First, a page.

The question was raised recently: From whom am I not hearing?

Hearing from key stakeholders is important.  Having as many perspectives as possible, as time and money will allow, enhances the evaluation.

How often do you only target the recipients of the program in your evaluation, needs assessment, or focus groups?

If only voices heard in planning the evaluation are the program team, what information will you miss? What valuable information is not being communicated?

I was the evaluator on a recovery program for cocaine abusing moms and their children.  The PI was a true academic and had all sorts of standardized measures to use to determine that the program was successful.  The PI had not thought to ask individuals like the recipients of the program what they thought.  When we brought members of the program’s target audience to the table and asked them, after explaining the proposed program, “How will you know that the program has been worked; has been successful?”, their answers did not include the standardized measures proposed by the PI. The evaluation was revised to include their comments and suggestions. Fortunately, this happened early in the planning stages, before the implementation and we were able to capture important information.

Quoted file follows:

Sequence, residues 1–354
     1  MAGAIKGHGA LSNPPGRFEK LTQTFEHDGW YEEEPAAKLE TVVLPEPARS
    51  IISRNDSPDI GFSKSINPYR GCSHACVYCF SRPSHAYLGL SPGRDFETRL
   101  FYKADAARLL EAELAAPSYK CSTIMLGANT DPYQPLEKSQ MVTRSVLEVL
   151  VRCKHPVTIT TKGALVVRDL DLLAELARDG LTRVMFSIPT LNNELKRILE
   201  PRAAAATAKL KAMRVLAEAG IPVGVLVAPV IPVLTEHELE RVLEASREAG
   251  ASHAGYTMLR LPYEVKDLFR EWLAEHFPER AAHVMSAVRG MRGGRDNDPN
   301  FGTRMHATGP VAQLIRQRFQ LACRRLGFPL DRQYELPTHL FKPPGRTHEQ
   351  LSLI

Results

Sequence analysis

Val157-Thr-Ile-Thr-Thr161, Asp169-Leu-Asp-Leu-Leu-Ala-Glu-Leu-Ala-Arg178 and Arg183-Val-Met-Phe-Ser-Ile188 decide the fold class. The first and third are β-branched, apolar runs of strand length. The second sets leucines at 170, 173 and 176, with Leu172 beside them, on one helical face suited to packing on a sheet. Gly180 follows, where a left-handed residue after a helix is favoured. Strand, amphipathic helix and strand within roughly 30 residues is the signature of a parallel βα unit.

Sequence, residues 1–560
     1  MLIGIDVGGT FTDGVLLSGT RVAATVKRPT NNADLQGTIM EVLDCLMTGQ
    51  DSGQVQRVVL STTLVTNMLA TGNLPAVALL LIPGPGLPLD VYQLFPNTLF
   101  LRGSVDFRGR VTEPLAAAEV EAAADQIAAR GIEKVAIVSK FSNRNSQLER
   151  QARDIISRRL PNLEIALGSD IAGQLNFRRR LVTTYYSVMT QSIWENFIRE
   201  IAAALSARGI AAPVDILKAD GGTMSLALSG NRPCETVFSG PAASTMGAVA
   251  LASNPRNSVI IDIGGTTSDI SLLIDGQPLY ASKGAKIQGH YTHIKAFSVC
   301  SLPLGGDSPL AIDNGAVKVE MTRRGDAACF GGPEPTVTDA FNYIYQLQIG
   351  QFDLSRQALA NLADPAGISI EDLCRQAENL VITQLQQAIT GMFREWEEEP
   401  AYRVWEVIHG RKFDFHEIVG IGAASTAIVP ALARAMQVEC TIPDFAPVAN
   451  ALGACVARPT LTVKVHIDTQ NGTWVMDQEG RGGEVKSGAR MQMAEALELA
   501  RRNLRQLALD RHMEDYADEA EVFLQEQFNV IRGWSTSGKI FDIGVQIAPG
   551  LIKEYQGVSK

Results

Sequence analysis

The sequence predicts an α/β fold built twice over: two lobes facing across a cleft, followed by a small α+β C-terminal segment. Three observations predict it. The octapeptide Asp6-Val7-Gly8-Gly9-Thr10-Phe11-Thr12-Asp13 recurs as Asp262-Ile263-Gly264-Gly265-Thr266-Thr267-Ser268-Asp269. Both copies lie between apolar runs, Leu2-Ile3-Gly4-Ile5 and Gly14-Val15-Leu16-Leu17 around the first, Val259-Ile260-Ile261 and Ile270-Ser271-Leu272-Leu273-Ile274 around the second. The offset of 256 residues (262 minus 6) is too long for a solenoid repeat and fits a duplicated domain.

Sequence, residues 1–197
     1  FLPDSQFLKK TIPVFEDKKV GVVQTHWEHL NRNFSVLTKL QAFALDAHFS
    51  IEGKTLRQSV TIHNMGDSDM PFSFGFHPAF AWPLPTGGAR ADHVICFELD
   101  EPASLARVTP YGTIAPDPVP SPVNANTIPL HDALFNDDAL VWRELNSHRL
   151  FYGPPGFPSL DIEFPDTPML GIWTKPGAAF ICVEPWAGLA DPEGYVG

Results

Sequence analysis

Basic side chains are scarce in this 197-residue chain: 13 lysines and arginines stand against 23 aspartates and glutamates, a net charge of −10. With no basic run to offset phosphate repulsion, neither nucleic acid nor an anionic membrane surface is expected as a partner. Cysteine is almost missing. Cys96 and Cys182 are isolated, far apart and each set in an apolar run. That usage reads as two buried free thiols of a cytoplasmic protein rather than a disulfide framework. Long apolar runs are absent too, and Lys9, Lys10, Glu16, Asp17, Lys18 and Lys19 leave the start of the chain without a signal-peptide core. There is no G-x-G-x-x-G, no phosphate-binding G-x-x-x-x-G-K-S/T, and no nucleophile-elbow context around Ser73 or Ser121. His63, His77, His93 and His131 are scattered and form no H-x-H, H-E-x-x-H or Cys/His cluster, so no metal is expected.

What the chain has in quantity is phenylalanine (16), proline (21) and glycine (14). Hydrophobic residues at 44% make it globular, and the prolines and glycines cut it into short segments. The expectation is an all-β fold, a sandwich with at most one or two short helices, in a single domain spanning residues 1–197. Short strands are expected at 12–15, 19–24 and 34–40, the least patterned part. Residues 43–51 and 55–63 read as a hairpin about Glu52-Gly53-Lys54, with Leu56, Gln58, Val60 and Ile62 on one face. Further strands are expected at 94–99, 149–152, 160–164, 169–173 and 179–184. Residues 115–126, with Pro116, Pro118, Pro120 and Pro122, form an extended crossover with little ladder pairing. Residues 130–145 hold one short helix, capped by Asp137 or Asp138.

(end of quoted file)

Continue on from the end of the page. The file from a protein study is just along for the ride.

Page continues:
Ask yourself, “How can I seek those voices that will capture the key perspectives of this evaluation?” Then figure out a way to include those stakeholders in the evaluation planning. Participatory-evaluation at its best.

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